Trauma and Solidarity in the New Haiti

March 8, 2010

I arrived in Christ-Roi, a mixed-income neighborhood in Port-au-Prince, on January 20 as part of a 13-person medical team organized by and for a local clinic, Hospice St. Joseph. Eight days had passed since the devastating earthquake. We arrived on one of the first civilian aid flights that the U.S. military, having seized the airport three days after the quake, allowed into the country.

The military’s emphasis on using the airport to deploy troops to organize logistics—at the expense of delivering humanitarian aid, at least in the early days of the crisis—caused serious delays in providing desperately needed help. But the airport was not the only source of delays. The land route for delivering aid was closed off when the occupying United Nations forces closed the border with the Dominican Republic to prevent a flood of refugees. The only other viable option was by sea, but the earthquake destroyed the capital’s port, where most of the country’s goods arrive. Making matters worse, the quake damaged already bad roads connecting functioning ports in Saint-Marc and Cap-Haïtien.

Meanwhile, Haitian survivors took very good care of themselves. Haiti is home to a thriving tradition of youn-ede-lòt (one helping the other) and konbit (collective work groups). The country has also been imploding in recent years with political factionalism, often stoked by foreign agencies, and a growing resentment among almost all classes against five years of UN occupation forces, known in French as MINUSTAH and in Creole as vole kabrit (goat thieves). But for the moment, both political and economic divisions in Christ-Roi became the ancien régime. In the new Haiti wrought by the earthquake, middle-class people and pèp la (the country’s poor majority) are all sleeping on the ground, looking out for one another and sharing what resources they have. Money has become less important than barter and relationships. Private property no longer exists.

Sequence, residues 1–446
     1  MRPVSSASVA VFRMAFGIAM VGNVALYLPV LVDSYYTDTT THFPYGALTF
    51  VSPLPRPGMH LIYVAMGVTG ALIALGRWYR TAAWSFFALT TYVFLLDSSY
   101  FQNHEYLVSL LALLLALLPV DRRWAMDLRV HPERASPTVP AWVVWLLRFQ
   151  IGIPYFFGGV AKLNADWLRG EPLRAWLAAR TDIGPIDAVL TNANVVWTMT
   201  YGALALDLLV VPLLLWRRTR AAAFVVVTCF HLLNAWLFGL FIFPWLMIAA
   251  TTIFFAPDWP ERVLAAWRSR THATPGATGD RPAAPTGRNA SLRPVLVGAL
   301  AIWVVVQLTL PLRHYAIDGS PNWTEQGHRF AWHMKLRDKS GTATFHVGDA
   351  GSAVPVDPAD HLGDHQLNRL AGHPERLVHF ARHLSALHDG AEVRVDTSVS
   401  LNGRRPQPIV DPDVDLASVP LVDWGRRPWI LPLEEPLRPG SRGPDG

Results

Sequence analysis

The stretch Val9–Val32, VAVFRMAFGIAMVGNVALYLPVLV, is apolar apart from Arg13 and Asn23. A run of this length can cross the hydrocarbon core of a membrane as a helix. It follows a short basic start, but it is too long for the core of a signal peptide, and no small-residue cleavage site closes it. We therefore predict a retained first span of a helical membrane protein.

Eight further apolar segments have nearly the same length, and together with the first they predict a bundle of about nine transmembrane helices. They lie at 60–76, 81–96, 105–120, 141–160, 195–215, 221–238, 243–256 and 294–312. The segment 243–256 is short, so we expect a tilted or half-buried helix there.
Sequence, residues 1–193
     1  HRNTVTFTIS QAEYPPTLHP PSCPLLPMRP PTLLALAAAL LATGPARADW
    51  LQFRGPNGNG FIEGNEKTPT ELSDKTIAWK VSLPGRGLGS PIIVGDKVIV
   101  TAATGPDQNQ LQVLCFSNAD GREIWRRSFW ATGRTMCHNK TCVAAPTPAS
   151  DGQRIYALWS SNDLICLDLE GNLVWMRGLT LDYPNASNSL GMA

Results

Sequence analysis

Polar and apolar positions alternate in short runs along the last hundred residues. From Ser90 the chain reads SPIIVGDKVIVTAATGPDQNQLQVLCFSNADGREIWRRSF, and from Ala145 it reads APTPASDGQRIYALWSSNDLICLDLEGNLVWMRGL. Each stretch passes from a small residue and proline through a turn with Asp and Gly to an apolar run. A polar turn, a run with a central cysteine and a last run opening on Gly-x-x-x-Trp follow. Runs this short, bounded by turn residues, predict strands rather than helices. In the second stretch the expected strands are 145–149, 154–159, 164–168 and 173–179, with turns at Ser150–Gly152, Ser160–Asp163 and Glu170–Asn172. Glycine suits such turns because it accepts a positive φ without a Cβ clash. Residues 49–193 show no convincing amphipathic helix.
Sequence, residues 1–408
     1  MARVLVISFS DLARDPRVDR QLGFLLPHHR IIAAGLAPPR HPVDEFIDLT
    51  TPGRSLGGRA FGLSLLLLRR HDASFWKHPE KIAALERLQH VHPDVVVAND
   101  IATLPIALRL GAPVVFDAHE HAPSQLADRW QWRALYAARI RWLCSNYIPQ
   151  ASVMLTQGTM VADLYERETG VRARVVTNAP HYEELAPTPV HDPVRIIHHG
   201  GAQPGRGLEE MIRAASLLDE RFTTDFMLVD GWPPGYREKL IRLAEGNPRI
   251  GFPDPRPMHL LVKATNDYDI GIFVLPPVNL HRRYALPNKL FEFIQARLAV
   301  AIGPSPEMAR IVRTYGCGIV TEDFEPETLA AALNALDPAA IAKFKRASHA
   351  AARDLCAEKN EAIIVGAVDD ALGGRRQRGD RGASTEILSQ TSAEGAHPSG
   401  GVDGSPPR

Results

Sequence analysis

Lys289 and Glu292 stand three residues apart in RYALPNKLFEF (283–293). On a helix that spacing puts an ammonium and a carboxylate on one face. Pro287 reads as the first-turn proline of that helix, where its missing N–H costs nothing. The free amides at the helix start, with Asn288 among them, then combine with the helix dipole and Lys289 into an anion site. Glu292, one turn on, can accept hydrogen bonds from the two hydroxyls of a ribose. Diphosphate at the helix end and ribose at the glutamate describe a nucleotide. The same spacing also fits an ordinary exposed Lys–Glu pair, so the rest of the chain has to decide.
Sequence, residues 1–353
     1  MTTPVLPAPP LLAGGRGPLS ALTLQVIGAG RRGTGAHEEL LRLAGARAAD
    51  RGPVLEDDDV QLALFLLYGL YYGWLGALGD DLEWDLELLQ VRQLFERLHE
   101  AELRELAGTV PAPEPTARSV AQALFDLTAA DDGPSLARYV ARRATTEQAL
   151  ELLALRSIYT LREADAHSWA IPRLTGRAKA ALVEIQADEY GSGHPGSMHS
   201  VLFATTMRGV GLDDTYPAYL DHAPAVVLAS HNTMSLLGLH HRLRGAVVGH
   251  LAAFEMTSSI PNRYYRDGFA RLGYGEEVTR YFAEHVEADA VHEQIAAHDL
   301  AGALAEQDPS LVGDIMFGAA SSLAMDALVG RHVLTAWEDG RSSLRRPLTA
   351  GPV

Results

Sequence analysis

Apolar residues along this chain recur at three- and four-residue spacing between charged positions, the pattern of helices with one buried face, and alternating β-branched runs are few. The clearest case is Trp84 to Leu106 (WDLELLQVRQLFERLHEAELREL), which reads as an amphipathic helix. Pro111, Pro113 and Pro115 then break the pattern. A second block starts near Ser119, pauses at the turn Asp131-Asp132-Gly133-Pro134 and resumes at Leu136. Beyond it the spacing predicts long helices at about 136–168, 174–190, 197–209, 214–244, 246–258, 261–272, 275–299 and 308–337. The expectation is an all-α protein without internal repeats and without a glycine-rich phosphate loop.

Before I arrived, people on my block had already set up a medical clinic and an information-gathering apparatus, connecting to the Internet and monitoring the radio. With minimal encouragement from me, organizers drew up a map of Christ-Roi, home to about 20,000 people, and went about the area collecting information about who was alive, who was dead; who was still trapped, whose home was still standing; what the urgent needs were, exactly how much water they had, exactly how much food; who had a car, who had buckets to transport water.

Despite their resilience and solidarity, however, people were visibly exhausted and traumatized. One day, a neighbor of mine insisted I eat the chicken on her plate of food, despite the scarcity of meat. Surprised, I asked why. “Because it looks too much like the flesh of my mother, who is still buried beneath our house,” she said.

In a catastrophe of this magnitude, solidarity among Haitians can go only so far. The U.S. military is providing aid, especially trauma surgeries, but Haiti has been under military occupation since 2005, and many people remember the violent 2004 coup d’état that precipitated the occupation. Given that the U.S. government played an important role in that coup, many earthquake survivors feel they have no reason to trust the new occupiers. The same can be said for many large NGOs, which many Haitians perceive as having gotten rich off of their poverty; many scoff at this “NGO class.”

The urgent challenge is how to help survivors make their needs known and to connect them with outside resources. When the acute crisis ends, the priority will be to meet the daily needs of some 1 million displaced people. The onus is on foreign governments and large NGOs to avoid riots by delivering aid in a timely, respectful manner. This is not only the right thing to do but also the key to middle-term plans for rebuilding Haiti’s self-sufficiency—especially in the peasant economy, destroyed by neoliberalism—and long-term plans for building a sustainable Port-au-Prince.

Mark Schuller teaches African American studies and anthropology at York College, the City University of New York. He edited, with Nandini Gunewardena, Capitalizing on Catastrophe: Neoliberal Strategies in Disaster Reconstruction (AltaMira Press, 2008) and co-directed, with Renée Bergan, the documentary film Poto Mitan: Haitian Women, Pillars of the Global Economy (


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